Tepuis are table-top mountains or mesas remaining from the erosion of large sandstone plateaus over millions of years. The plateaus of tepuis are isolated from the ground forest, with their own climate, flora, and fauna. Heavy tropical rains wash away nearly all soil, so that vegetation can take hold only in protected cracks and gullies.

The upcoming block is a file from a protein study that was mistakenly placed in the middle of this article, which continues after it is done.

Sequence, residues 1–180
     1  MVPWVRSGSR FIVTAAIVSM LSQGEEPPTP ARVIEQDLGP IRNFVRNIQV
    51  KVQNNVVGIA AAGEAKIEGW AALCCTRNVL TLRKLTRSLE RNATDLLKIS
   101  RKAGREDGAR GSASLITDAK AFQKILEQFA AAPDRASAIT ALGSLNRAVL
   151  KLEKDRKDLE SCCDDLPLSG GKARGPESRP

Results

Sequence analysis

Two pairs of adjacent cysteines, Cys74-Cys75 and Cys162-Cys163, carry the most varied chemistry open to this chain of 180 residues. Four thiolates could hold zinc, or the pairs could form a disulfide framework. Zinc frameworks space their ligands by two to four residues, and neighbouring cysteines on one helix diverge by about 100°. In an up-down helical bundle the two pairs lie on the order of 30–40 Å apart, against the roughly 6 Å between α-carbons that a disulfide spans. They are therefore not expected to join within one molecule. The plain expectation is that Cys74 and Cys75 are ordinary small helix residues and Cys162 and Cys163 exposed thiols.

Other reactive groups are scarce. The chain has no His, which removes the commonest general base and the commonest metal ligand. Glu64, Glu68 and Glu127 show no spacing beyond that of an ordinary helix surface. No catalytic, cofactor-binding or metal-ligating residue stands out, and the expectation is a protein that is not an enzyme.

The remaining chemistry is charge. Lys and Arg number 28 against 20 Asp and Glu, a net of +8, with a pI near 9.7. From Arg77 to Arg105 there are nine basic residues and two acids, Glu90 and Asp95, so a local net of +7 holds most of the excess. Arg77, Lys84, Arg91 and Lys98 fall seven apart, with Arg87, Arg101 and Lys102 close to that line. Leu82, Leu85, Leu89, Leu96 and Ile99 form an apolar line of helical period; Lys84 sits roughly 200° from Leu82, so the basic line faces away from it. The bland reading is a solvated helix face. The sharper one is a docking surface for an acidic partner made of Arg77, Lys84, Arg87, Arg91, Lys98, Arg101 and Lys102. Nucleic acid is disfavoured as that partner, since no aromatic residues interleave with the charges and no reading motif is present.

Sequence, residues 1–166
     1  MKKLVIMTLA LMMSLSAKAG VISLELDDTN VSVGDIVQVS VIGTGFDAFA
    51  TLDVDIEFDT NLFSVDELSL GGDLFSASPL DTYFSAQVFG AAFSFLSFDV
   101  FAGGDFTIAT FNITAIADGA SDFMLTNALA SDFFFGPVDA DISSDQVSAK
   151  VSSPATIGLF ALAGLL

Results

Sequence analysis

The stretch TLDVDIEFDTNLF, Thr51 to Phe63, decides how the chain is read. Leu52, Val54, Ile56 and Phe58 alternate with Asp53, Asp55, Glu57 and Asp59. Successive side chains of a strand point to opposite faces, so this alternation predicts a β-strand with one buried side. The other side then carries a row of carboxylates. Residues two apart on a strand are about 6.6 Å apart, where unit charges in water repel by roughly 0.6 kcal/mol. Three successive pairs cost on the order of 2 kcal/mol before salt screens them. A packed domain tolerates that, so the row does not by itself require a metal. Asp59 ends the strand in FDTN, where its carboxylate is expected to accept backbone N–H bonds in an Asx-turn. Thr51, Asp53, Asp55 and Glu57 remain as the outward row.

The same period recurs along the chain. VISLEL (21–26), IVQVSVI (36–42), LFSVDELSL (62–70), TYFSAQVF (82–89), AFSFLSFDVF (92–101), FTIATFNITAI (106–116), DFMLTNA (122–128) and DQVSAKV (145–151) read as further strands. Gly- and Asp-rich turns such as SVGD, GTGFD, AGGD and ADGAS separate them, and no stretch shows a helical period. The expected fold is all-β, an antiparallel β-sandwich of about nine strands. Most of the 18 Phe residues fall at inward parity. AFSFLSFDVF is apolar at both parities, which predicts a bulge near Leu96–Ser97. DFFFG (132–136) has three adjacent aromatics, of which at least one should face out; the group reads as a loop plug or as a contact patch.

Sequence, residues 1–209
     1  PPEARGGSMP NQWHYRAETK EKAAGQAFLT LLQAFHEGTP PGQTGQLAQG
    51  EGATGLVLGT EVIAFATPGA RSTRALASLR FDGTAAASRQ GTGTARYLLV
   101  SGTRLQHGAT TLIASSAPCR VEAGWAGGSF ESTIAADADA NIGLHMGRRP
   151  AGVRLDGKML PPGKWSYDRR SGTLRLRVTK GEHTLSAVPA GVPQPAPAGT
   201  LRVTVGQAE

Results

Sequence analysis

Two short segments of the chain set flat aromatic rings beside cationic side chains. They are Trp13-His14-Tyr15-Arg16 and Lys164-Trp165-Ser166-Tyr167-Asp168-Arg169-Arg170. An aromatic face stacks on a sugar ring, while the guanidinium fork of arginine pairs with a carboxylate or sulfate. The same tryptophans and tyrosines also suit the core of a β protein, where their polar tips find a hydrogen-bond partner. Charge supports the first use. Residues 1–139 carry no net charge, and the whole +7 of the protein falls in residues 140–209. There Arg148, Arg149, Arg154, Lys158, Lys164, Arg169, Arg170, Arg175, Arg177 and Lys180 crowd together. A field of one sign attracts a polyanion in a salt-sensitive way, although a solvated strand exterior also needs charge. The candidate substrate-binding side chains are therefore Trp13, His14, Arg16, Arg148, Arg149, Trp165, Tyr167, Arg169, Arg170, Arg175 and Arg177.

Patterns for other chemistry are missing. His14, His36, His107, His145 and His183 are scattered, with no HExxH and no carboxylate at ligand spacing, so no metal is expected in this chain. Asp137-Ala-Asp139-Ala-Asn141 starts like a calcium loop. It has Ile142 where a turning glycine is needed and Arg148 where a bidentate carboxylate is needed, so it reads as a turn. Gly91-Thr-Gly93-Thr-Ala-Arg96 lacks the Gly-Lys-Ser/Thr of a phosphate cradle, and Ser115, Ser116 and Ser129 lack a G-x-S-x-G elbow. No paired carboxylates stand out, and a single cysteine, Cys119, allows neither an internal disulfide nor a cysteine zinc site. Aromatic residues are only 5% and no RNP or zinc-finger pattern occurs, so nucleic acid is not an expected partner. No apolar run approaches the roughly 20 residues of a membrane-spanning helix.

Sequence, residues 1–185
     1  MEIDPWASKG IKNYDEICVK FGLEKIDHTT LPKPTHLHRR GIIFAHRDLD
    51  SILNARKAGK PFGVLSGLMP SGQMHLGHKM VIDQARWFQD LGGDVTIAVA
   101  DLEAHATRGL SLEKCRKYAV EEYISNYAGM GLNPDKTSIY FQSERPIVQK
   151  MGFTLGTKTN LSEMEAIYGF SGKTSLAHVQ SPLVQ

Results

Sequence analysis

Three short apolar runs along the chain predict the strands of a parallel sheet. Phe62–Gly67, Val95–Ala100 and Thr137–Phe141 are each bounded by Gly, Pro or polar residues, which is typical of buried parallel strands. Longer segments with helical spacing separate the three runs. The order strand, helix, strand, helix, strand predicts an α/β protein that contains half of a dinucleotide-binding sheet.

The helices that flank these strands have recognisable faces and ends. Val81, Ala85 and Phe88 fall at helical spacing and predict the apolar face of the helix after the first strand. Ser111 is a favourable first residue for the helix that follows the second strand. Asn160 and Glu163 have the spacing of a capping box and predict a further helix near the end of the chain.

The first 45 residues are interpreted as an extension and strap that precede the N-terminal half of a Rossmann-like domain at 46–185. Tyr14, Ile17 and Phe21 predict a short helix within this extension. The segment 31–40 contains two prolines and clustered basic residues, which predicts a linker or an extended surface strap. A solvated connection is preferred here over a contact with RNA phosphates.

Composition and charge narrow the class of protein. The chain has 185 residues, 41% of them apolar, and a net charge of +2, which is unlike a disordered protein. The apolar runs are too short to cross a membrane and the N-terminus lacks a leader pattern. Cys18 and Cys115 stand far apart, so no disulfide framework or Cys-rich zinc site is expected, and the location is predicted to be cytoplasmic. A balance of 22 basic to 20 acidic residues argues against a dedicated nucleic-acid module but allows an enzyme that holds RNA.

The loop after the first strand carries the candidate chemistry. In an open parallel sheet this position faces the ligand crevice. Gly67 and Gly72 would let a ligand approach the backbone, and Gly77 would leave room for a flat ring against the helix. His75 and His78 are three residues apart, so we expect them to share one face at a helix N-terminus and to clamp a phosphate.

These unique environments inspired Arthur Conan Doyle’s novel The Lost World. The largest concentration of tepuis is in southeastern Venezuela on the border with Guyana and Brazil.
This composition was created from feather rock with particularly dramatic grain patterns reflecting the eroded formations of tepuis.